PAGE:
This is one of my most searched topics on the blog, so I thought I’d develop a post specifically for people looking to name or rename their creative business. Today’s topic takes me back to some very important advice I read as I was just starting the Energy Shop:
Build your business with the intention of selling it.
This sentence helps you, as the business owner, think more long-term. Whether you’re considering what to call your future business or changing the name of an existing one, there are a few things to consider.
Naming your business is an exercise in branding
- You have a product or service that you want to offer the world. Who is it for? Tell me about the person who would most benefit from it.
- When that person experiences your product or service, what will it feel like? Describe the experience they’ll take away.
- Is there a word or phrase that immediately comes to mind when you think of the exchange: from the maker’s heart to the customer’s hands, _____ surrounds us.
Is it wise to give the business your own name?
Again, think of the advice at the top of this article. If your business is you, then it’s perfectly acceptable to call the business by your name. However, if the business is a reflection of something that you love, it’s better to name it in a way that helps brand it.
Here’s where naming the business after yourself might work:
- Life or business coach. For example, Martha Beck is a best-selling author, popular speaker, and a regular O Magazine contributor. Her empire involves teaching and certifying other aspiring life coaches. Her website is rightfully named Martha Beck.
- High-end designer. For example, Michael Kors has been designing fashion since he was a teenager (he’s now 53 years old). He started paying his dues in 1977 when he enrolled in fashion school, worked for several high-end stores and a French fashion house before leaving it all and launching his own brand in 2003. His online storefront can be found at Michael Kors.
- Service for hire: event photographer / party planner / local personality. Some creative businesses are dependent on local customers, and it’s a good idea to incorporate your name into your brand so that it gets shared and remembered more easily.
- Traditional artist. I have a friend who has a very traditional view of how art should be sold. She wishes to be known by her name as a painter, or not known at all.
If any of the above look like good role models for your business then it may be a good idea to name the business after yourself. However, I remain a fan of businesses with a branded name. I follow a lot of popular bloggers, but few of my favorites are named after the person who writes them (the exceptions are life and business coaches): Create as Folk, Handmade Success, Going Home to Roost and The Pioneer Woman to name a few.
Beyond the creative industry, consider Bethenny Frankel. She launched a company called Skinny Girl … it has a likeness of Bethenny in the logo, and what a brand it’s become! Do you think it would have had the same impact if she named the business Bethenny Frankel? That’s definitely something to consider.
Business Name Ideas
Use your answers from the branding questions above, and plug them into a thesaurus to see what catchy synonyms come up. Jot down a list of your favorite results, and begin to play with them–both by themselves and in combination with the others.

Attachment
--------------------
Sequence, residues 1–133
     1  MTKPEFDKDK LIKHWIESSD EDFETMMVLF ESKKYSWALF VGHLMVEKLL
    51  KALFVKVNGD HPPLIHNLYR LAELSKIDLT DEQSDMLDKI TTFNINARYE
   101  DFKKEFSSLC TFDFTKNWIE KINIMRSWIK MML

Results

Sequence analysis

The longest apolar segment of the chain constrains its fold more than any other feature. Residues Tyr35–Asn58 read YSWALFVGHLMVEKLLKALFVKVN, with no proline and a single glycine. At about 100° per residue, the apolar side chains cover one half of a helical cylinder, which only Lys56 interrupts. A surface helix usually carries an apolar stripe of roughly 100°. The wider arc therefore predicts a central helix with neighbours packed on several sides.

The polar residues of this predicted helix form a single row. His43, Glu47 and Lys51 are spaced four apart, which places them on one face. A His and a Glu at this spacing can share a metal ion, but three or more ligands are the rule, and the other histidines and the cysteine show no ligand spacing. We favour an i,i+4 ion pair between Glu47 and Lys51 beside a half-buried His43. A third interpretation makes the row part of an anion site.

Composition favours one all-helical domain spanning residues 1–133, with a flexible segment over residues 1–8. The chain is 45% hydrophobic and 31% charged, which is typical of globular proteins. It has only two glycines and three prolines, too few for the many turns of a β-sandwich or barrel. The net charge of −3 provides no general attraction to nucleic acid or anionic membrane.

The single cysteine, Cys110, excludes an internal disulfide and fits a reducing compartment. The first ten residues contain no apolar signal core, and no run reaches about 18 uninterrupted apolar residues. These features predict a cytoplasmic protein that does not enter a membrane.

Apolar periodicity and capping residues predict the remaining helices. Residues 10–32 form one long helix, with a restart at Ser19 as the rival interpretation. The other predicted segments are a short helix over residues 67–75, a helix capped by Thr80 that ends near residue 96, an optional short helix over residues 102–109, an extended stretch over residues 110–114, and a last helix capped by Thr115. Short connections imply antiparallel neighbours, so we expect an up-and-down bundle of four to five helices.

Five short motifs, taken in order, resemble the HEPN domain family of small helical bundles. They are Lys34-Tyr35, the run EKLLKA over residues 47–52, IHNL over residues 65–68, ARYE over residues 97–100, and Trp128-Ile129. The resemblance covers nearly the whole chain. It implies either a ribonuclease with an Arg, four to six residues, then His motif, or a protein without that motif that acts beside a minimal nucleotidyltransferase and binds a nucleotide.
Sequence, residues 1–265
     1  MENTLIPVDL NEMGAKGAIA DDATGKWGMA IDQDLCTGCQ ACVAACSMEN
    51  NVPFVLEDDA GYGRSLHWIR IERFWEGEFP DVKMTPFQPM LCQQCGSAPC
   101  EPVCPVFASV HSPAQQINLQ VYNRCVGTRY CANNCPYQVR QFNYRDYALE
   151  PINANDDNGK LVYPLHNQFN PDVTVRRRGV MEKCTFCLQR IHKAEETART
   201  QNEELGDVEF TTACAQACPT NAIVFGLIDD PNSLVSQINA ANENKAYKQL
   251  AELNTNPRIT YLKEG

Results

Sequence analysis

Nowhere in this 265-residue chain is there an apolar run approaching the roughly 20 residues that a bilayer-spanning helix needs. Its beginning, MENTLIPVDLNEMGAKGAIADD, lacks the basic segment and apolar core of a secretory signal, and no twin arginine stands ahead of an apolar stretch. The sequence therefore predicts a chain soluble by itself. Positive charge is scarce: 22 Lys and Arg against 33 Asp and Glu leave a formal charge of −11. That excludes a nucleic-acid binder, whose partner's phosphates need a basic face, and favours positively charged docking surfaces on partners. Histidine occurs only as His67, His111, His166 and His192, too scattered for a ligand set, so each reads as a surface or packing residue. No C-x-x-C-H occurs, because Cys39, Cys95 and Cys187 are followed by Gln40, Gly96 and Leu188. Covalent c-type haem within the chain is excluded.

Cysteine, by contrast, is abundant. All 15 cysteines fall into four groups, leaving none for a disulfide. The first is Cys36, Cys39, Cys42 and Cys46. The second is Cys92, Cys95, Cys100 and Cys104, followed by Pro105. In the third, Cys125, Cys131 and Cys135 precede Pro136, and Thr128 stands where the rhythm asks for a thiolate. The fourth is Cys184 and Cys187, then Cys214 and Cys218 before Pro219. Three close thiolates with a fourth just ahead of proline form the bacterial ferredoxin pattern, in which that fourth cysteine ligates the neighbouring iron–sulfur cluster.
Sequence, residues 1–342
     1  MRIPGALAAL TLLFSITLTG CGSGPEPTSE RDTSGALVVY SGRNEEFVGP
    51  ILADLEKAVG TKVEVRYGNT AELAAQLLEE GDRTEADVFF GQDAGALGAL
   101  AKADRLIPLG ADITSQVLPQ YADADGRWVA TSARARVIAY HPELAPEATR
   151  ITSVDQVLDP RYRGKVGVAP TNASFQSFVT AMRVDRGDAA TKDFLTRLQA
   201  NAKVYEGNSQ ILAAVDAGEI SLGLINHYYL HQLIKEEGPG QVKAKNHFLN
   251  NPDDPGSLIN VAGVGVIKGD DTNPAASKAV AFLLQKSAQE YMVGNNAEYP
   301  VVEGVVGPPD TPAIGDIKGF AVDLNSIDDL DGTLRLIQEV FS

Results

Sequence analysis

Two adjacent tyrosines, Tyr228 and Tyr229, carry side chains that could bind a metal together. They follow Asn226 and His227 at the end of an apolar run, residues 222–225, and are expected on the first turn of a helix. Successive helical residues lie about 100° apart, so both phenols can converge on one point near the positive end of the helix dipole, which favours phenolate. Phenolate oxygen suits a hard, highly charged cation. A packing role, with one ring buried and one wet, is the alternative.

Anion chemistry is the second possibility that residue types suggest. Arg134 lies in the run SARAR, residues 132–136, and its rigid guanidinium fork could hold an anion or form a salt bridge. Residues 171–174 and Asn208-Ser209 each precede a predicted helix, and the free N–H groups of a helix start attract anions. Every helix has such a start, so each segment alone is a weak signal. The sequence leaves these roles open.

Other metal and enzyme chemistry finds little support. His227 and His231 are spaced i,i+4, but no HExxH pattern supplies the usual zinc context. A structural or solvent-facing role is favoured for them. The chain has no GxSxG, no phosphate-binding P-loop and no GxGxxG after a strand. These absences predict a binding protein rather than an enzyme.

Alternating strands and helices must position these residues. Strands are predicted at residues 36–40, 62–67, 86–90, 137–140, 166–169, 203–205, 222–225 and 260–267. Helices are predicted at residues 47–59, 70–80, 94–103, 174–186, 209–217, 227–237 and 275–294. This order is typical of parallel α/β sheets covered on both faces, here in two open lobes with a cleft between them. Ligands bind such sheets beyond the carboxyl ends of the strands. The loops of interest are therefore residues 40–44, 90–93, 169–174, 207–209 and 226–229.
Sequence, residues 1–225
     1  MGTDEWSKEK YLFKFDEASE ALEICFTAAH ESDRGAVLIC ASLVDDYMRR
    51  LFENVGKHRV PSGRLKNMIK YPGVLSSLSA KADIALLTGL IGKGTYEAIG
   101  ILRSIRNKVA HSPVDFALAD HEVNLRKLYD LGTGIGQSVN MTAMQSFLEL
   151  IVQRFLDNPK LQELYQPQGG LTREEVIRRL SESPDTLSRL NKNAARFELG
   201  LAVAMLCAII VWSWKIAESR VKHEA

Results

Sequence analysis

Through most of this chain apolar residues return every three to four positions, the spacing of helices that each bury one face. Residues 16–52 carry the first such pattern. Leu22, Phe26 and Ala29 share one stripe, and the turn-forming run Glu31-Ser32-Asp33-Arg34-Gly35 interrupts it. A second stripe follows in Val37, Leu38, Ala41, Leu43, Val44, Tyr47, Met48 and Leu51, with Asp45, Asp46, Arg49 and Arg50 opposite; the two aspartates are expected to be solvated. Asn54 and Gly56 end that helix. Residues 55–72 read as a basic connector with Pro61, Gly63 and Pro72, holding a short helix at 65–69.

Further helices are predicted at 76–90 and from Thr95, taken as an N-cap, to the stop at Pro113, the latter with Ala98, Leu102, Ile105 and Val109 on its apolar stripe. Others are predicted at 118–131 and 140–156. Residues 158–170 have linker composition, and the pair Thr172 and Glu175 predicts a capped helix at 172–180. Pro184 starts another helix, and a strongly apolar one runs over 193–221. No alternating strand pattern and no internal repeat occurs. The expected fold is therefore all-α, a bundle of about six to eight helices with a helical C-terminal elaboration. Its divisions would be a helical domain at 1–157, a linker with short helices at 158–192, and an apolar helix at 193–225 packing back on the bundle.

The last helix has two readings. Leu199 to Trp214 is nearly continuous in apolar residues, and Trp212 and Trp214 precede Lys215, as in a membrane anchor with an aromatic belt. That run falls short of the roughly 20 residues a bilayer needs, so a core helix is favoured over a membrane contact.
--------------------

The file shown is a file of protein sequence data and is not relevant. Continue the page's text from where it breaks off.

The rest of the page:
For example, a cool name for a ceramics shop would be “fired,” and if that was taken I might try: Fired & Stocked. For a soap maker, “suds” might be taken, but “Tub Suds” would be a good alternative – even better if you’re making body washes to help distinguish yourself from the hand soap crowd.
Test its Effectiveness
When you do come up with some sample names for your business, be sure to ask yourself the following questions:
- Does it match your product and brand message?
- Is it universal (could you blog by the same name)?
- Is it open-ended (could you expand your business by the same name if you choose to)?
- Is the domain name available?
Is it catchy?
Sometimes the business name includes the product (i.e., Yankee Candle), but more often than not, it isn’t necessary. Consider the brands you love that have become household names: Apple, Kleenex, Starbucks, etc. Notice their simplicity and distinctiveness. When I think of Etsy shops, I think of a few favorites: Marmar, Pixiebell, For Strange Women and Katwise. When I mention those brands, I picture the products each create without the business owner spelling it out in the brand’s name.
I notice that many home-based online sellers feel the need to add end-words, such as handmade, boutique, creations … but that’s not always necessary and the first word(s) in the name might stand very well on its own.
Don’t Force It
This is one decision that will stick with you for many years to come, and you have to love it! When you find the perfect name, you’ll know. It will fall into place and feel right. Take your time and sit with the brand message you’re creating.
When I was working with crystals and Reiki healing, I asked myself: what one word would summarize my work here. The answer was “Energy.” And the Energy Shop was born.
As another example, I’ve been building a membership program for over a year. When I thought of its purpose, I kept seeing thousands of floating lanterns rising together in the sky. I knew that if creative business owners combined talents and strategies, we could shine brighter than ever before. The branding concept was centered around light. The name, The Luminaries Club came to me in a flash of insight.
How did you come up with your business’ name?
If you’re already running an established business, I’d love to hear how you came up with your business’ name. Please share in the comments! Until next time and all the best,